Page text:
Tennyson Seven Essays

Tennyson Seven Essays-58
At the same time, when speaking of the later Tennyson, Batchelor never falls prey to modish condescension, agreeing with Chesterton that it was “intensely typical of Tennyson’s philosophical temper that he was almost the only Poet Laureate who was not ludicrous.” And he could often strike back at critics (indirectly) with epigrammatical nicety, as in : “Never yet/Was noble man but made ignoble talk/He makes no friend who never made a foe.” Batchelor is also good at uncovering the many contradictions that animated his subject, showing how at once shrewd and gullible he could be in money matters.

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The smallness and emptiness of life sometimes overwhelmed me.” For anyone intent on making poetry his life’s work, this was useful misery. “The artist is extremely lucky who is presented with the worst possible ordeal which will not actually kill him.

At that point, he’s in business…” After attending Louth Grammar School, Tennyson went up to Trinity College, Cambridge, where he joined the Apostles and met the dazzling Etonian, Arthur Hallam, whose friendship and support would be crucial to his development as a poet.

Then, again, with loyal friends, Tennyson could be oddly cold and aloof—Edward Fitzgerald was made to endure this especially after fame made Tennyson more than usually grand—but in his favor it must be said that after Thackeray handed in his dinner pail, Tennyson took in his orphaned daughters.

Indeed, on walks along Hampstead Heath, he would often confide in Annie Thackeray about his early poverty, self-doubts, and loneliness, proof that the adulated Laureate never entirely outgrew the unhappy boy from Somersby.

Then, again, another brother would always introduce himself to guests by declaring, “Hello, I am Septimus: I am the morbid Tennyson.” As for Tennyson himself, he not only feared madness but longed for death.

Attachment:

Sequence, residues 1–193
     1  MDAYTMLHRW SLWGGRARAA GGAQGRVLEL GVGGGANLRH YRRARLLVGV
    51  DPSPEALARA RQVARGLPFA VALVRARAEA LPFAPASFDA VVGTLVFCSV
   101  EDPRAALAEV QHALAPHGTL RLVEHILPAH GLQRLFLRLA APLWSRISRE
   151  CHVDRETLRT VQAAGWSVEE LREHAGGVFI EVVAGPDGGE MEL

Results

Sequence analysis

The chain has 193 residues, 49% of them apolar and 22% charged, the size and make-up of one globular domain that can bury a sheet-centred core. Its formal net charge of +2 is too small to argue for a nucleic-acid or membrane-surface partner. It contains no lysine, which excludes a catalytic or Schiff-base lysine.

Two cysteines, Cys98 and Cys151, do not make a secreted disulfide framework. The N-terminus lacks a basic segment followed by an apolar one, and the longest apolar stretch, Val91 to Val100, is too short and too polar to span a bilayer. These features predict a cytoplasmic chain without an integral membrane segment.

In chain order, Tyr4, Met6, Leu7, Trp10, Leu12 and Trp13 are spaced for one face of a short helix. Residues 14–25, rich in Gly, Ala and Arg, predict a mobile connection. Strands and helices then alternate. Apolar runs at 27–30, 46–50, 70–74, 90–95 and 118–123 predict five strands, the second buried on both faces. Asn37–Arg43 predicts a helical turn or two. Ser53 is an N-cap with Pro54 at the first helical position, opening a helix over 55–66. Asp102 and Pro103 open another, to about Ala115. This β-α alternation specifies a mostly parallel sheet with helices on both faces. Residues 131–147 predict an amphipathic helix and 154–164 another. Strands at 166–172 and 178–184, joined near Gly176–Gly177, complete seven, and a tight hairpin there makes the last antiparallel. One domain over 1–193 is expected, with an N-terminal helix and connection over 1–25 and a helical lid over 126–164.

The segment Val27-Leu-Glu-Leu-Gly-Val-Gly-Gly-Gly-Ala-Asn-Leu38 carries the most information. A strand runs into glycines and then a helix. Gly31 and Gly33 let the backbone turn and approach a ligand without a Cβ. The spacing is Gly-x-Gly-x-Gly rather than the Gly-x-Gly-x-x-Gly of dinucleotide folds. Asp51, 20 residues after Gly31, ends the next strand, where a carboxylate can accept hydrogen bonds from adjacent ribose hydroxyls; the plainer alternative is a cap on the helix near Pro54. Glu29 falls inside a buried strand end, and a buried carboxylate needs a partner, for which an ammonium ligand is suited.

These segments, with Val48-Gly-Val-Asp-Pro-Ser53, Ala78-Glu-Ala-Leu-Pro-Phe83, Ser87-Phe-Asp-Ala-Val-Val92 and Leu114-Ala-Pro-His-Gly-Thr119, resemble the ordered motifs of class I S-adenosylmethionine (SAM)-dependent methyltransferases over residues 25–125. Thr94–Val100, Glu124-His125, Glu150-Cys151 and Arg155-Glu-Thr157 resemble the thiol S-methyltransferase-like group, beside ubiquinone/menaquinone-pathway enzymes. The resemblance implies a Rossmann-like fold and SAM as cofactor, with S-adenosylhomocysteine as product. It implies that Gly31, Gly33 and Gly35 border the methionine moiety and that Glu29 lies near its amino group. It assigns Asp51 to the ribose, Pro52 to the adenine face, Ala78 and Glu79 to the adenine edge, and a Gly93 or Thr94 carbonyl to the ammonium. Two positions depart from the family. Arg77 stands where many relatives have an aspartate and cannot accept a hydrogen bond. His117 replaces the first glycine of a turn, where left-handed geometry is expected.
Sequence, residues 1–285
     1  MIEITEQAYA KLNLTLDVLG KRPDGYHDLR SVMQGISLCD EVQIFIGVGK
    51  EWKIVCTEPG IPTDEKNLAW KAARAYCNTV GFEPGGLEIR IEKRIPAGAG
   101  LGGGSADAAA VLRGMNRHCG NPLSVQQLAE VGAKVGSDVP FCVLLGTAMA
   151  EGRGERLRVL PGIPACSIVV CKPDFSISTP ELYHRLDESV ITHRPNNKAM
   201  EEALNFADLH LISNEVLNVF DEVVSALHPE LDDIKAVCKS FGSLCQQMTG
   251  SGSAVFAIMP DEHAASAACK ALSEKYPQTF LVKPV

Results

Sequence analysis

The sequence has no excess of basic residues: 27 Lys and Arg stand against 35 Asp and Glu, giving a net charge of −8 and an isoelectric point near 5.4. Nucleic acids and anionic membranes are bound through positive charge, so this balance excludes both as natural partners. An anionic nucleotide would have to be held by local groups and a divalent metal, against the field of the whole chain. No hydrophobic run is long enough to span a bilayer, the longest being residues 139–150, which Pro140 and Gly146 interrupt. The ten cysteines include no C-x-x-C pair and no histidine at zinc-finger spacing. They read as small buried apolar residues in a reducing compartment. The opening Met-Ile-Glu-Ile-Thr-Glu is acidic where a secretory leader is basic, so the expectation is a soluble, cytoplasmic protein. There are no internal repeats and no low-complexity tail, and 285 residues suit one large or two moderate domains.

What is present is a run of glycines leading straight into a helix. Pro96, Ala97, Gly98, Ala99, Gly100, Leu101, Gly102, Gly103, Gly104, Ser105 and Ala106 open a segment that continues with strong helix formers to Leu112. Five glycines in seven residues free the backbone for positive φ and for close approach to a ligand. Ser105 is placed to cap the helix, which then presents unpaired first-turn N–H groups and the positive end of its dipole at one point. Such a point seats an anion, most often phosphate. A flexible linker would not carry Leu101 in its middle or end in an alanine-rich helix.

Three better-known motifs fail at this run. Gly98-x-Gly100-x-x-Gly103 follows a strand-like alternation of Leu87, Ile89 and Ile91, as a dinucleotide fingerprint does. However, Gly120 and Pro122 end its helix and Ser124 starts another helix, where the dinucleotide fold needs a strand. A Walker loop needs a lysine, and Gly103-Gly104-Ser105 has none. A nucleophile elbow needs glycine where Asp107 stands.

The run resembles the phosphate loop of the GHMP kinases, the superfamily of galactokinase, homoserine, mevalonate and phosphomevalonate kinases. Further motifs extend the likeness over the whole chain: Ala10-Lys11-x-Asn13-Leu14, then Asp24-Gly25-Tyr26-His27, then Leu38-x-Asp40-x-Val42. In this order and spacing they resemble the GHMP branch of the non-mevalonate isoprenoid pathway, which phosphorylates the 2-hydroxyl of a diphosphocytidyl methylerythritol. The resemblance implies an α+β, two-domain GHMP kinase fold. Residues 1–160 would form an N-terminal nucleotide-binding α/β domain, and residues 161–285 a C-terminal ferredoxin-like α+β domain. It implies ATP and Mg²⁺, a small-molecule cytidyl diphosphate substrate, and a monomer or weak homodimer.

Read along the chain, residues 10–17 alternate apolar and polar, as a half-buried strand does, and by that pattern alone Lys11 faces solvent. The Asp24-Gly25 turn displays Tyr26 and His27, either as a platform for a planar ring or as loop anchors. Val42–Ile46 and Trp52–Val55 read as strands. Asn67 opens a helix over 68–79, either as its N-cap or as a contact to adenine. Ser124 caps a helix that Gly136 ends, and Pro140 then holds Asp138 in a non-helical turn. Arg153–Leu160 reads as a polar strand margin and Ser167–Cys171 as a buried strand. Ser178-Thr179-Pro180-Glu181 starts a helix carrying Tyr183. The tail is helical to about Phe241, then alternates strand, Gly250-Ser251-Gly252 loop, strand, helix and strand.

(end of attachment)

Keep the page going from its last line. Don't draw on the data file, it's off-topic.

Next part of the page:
As his wife told his son Hallam when engaged in writing his father’s biography, Tennyson, terrified of his father’s rages, often ‘went out through the black night, and threw himself on a grave in the churchyard, praying to be beneath the sod himself.” Then, again, the poet confessed that “In my youth I knew much greater unhappiness than I have known in later life.Apropos the poet’s rackety life in London in the 1830s and 40s with such footloose friends as Thackeray, Edward Fitzgerald, James Spedding, Edward Lear and Carlyle, Batchelor observes: “The nomadic, chaotic Alfred Tennyson of legend, a legend built up and lovingly transmitted for posterity by his many friends in these vagrant years, was in fact displaying an inner resolution.He was a , nothing else, and he claimed no other identity, role or mode of existence.” From early youth, Tennyson also looked the poet, especially after he adopted his signature Spanish cape and sombrero.Blow, bugle, blow, set the wild echoes flying, Blow, bugle; answer, echoes, dying, dying, dying.Later, as an older man, on the Isle of Wight, where he would live with his wife and two sons in his sequestered Farringford, he summoned the theme to honor his old friend and neighbor, Sir John Simeon, who was also a good friend of Cardinal Newman.Written with great learning and unusual grace, it will spur new interest in a poet who has much to say to our own contemporaries. George Clayton Tennyson, the eldest son, had been forced into the Church against his will after his father decided to make his youngest son, Charles his heir.Alfred Tennyson (1809-1892) was born at Somersby rectory, Lincolnshire into a rancorous, divided family. The resentment this bred in Tennyson’s father never went away.After the loss of Hallam, Tennyson became infatuated with Rosa Baring of Harrington Hall, a rich, haughty, trifling woman, whose rejection led him to write his great dramatic monologue (1855), than which there is no poem in the language more rich and strange.(That the monologue should have ended with his deranged hero speaking of “The blood-red blossom of war with a heart of fire” must have given the poets of the Great War an eerie shudder.) When he married Emily Sellwood, another Somersby woman, who would become his agent, muse, and secretary, he made an inspired choice, though one observer was convinced that she immured him in “the sultry, perfumed atmosphere of luxury and homage…” Drawing on Ann Thwaite’s marvelous biography of Emily, Batchelor paints a lively portrait of this devout, talented, enterprising woman.When I was about twenty, I used to feel moods of misery unutterable!I remember once in London the realization coming over me, of the of its inhabitants lying horizontal a hundred years hence.

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